The sleek Grammaire, whose yellow surcoat showed no blemish from the fight, grinned sardonically up at her. "I'd heard rumours of the scar-faced one, but wouldn't have wagered a groat there was sufficient gold in all the kingdom to induce a knight of the star to sully himself in the service of our noble Lord Berenger."
Riannon ignored both his scathingly sarcastic tone and the open criticism of her patron. "Do I have your surrender, my lord?"
"You have my castle," he said. "I doubt me not that my life is worth less than dog's piss, but who'd rather not hang tomorrow than be hacked to death today? Here."
Riannon accepted his sword. Whatever new ideas Count Berenger's messenger had brought, his lordship could not but be pleased to forgo them now that Grammaire had surrendered.
Riannon paused in the bailey to slip her hands free of her mail mittens. She pushed her mail coif, and the linen one beneath it, back from her head and ran her fingers through her sweaty, short-cropped hair. It was a relief to feel the breeze, no matter how warm and smoky, on her head.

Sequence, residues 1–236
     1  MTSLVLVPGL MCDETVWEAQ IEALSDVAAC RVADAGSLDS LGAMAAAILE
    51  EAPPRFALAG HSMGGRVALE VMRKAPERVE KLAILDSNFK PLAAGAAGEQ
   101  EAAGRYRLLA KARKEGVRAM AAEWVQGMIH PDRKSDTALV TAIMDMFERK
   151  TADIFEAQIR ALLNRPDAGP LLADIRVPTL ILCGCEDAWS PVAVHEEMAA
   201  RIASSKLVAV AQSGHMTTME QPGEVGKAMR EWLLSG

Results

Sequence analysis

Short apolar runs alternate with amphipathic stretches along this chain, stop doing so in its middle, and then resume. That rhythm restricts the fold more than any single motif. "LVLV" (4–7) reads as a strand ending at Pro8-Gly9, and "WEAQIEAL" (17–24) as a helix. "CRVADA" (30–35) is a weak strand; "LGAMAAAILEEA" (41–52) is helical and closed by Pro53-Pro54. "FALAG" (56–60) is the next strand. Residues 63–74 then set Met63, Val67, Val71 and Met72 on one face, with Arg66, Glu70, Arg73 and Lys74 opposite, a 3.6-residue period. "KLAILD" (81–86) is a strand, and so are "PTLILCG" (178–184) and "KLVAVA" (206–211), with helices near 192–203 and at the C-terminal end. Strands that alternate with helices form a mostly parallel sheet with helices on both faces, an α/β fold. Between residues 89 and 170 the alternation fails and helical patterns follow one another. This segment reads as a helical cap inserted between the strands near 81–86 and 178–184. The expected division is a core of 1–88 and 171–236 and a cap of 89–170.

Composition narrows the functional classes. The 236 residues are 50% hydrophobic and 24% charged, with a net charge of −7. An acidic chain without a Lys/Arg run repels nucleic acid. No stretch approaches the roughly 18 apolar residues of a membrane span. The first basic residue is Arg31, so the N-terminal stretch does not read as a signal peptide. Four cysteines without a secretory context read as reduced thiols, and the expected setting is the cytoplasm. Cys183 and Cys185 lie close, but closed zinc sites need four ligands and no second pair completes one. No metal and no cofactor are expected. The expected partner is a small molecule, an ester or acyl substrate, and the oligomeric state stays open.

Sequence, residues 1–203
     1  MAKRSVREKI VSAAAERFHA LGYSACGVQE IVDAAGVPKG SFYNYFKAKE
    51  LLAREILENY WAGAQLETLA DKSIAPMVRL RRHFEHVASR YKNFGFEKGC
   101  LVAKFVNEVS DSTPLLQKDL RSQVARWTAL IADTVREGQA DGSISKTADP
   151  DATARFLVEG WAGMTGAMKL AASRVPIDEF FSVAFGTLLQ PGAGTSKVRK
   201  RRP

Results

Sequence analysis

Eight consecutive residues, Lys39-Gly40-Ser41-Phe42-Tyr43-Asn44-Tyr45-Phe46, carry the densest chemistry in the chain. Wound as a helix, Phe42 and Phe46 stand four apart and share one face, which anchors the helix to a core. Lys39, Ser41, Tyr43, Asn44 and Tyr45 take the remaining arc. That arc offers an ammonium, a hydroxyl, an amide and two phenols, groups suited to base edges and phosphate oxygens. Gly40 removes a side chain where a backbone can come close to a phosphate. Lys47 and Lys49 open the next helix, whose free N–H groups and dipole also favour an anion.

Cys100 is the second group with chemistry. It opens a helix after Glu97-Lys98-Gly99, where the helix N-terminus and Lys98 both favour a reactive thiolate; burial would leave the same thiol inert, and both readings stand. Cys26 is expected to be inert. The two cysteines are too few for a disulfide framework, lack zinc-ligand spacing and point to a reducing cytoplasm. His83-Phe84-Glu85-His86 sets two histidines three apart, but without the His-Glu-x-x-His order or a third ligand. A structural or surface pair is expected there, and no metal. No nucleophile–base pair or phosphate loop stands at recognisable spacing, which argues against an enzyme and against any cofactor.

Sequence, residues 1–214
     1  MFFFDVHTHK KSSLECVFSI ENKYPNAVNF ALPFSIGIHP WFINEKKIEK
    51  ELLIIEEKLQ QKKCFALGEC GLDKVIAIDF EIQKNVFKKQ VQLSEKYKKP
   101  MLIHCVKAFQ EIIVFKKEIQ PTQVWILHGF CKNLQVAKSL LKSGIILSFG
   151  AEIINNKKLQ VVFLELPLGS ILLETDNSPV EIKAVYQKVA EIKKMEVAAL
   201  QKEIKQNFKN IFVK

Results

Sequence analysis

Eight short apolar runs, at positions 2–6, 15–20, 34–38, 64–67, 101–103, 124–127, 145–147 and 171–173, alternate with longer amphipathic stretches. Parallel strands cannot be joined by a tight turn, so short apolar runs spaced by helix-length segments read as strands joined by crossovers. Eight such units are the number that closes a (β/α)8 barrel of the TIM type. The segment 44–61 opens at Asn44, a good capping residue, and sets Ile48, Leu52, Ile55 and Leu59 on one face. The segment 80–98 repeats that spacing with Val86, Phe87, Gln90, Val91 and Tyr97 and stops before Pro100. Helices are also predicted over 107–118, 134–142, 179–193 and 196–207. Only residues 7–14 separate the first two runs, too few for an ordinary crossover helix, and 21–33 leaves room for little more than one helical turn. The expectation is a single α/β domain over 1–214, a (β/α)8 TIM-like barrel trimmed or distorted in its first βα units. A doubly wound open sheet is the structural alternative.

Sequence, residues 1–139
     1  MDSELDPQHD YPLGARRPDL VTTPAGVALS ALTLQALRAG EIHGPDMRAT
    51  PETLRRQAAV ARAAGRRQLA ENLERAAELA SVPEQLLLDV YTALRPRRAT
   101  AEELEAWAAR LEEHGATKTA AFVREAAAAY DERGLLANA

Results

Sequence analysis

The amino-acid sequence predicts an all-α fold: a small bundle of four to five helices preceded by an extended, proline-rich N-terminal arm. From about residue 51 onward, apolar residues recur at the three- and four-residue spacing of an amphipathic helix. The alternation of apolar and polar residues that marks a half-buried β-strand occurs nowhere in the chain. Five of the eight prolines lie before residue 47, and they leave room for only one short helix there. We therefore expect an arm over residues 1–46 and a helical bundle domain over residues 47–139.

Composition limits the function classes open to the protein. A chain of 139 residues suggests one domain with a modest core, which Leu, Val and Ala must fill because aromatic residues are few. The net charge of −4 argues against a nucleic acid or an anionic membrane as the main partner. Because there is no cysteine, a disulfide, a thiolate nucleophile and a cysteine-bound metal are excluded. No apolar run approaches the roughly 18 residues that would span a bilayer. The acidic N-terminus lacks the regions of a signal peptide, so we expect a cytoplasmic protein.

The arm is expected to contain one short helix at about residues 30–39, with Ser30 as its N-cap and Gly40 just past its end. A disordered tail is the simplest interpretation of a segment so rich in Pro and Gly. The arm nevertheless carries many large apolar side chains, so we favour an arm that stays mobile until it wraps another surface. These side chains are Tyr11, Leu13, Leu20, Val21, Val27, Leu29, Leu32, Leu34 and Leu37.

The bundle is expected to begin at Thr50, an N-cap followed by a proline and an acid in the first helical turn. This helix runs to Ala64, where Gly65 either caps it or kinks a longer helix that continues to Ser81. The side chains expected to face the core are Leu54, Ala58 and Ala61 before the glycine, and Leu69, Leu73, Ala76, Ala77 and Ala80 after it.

Riannon took a wineskin from her ever-resourceful squire. She drank a long pull before resuming her walk toward the broken gate and the delayed meeting with Lord Damory.
Even so peevish and capricious a master as Count Berenger must reward her well for this success. Were he to finally make good his vague offers of the lordship of a manor or two, she would not refuse. Men had served worse masters and kept their personal honour intact. His son, at least, promised to be a lord she would be proud to serve. And what knight would not be happier with his own lands and the prospect of more in the service of a wealthy lord, rather than continue the rootless and uncertain life and rewards to be found at tourneys and wars?